Hon. J. L. M. Curry , LL.D., William Robertson Garrett , A. M. , Ph.D., Confederate Military History, a library of Confederate States Military History: Volume 1.1, Legal Justification of the South in secession, The South as a factor in the territorial expansion of the United States (ed. Clement Anselm Evans), Biographical: officers of civil and military organizations. (search)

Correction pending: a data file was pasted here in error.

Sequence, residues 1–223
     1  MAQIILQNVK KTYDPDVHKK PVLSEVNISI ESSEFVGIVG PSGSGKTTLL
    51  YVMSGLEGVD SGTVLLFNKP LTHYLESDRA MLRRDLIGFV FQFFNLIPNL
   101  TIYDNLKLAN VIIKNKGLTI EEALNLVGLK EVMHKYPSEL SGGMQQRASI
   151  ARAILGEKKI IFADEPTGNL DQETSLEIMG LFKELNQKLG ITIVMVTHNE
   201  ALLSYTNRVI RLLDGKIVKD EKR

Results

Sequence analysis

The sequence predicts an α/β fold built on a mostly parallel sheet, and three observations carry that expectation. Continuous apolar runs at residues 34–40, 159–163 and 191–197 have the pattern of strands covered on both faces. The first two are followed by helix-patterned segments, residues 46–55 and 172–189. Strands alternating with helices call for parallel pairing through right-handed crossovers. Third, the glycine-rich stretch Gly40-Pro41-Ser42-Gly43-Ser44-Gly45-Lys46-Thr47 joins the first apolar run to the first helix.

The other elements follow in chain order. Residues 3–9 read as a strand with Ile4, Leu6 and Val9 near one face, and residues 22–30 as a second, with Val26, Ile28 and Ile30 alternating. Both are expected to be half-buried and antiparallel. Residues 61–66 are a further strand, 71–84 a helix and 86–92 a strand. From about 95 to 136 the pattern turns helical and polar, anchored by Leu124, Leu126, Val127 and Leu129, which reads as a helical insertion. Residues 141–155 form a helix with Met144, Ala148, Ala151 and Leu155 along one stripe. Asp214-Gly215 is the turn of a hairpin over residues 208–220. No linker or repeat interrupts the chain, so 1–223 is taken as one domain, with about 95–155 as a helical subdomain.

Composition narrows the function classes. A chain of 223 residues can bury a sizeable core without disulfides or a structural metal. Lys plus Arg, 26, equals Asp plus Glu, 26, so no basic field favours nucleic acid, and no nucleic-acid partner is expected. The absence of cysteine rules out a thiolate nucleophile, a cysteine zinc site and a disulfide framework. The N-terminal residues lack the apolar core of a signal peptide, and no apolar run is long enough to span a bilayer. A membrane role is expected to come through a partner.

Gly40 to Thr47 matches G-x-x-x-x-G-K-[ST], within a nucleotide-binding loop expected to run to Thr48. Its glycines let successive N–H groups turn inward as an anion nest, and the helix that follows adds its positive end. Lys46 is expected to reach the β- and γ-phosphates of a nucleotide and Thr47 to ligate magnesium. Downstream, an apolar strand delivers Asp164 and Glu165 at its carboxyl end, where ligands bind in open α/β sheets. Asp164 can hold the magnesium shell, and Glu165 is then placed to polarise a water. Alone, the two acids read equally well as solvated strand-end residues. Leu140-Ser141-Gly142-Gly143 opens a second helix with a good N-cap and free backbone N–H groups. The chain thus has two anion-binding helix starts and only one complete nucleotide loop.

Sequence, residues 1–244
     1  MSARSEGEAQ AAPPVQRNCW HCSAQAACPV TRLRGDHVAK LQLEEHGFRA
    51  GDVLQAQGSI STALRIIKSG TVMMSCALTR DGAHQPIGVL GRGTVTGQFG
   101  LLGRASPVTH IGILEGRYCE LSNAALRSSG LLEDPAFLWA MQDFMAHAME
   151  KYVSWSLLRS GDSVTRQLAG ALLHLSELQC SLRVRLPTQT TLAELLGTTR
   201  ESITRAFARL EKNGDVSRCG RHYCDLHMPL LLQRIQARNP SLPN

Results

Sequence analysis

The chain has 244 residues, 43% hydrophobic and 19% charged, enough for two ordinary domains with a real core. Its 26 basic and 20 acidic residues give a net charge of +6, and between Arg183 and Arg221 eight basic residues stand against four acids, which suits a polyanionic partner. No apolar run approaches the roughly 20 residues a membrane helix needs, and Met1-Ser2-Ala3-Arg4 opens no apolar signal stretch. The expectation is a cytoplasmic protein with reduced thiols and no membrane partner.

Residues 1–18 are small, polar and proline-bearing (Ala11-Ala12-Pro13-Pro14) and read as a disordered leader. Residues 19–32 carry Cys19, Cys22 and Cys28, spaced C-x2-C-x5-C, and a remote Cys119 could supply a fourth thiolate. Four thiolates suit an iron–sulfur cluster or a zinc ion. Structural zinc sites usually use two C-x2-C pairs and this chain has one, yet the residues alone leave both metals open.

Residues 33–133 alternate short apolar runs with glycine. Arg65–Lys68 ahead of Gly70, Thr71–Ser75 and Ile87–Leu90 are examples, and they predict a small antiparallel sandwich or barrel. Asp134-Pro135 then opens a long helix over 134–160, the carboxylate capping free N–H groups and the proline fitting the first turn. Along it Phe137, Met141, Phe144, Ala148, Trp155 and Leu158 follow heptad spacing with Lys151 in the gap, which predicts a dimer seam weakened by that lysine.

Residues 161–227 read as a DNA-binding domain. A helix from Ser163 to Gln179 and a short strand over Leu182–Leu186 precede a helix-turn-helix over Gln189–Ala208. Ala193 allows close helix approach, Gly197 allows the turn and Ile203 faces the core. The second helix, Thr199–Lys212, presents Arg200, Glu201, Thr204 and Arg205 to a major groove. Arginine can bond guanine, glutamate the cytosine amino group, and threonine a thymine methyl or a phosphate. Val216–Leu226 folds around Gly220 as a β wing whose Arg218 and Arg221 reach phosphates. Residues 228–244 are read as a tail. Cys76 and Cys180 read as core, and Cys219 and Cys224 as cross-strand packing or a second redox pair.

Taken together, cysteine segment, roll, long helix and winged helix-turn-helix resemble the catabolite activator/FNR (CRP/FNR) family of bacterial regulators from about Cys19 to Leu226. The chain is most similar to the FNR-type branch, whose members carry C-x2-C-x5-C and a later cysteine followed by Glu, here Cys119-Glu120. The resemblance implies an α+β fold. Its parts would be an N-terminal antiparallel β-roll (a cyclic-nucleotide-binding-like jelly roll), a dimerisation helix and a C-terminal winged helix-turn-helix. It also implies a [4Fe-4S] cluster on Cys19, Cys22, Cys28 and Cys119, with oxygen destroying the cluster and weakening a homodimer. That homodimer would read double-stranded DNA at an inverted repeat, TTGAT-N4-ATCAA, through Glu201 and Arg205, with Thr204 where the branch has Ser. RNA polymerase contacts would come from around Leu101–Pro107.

ncinnati and Lexington railroad, built the Short Line to Cincinnati, was city engineer of Louisville, and from 1871 was chief engineer of the Lexington and Big Sandy railroad until his death, which occurred in West Virginia, April 7, 1880. Josiah Gorgas Josiah Gorgas, distinguished as chief of ordnance of the Confederate States, was born in Dauphin county, Pennsylvania, July 1, 1818. He was graduated at West Point as No. 6 in the class of 1841, and was assigned to the ordnance departmentJosiah Gorgas, distinguished as chief of ordnance of the Confederate States, was born in Dauphin county, Pennsylvania, July 1, 1818. He was graduated at West Point as No. 6 in the class of 1841, and was assigned to the ordnance department of the United States army. In 1845-46 he was in Europe on leave of absence for the study of his profession in foreign lands, and in the year following his return he went into active service in the Mexican war. March 3, 1847, he was promoted firstlieu-tenant. He served with distinction in the siege of Vera Cruz and was subsequently in charge of the ordnance depot at that point. On the return of peace he served as assistant ordnance officer at various arsenals until placed in command of Mt.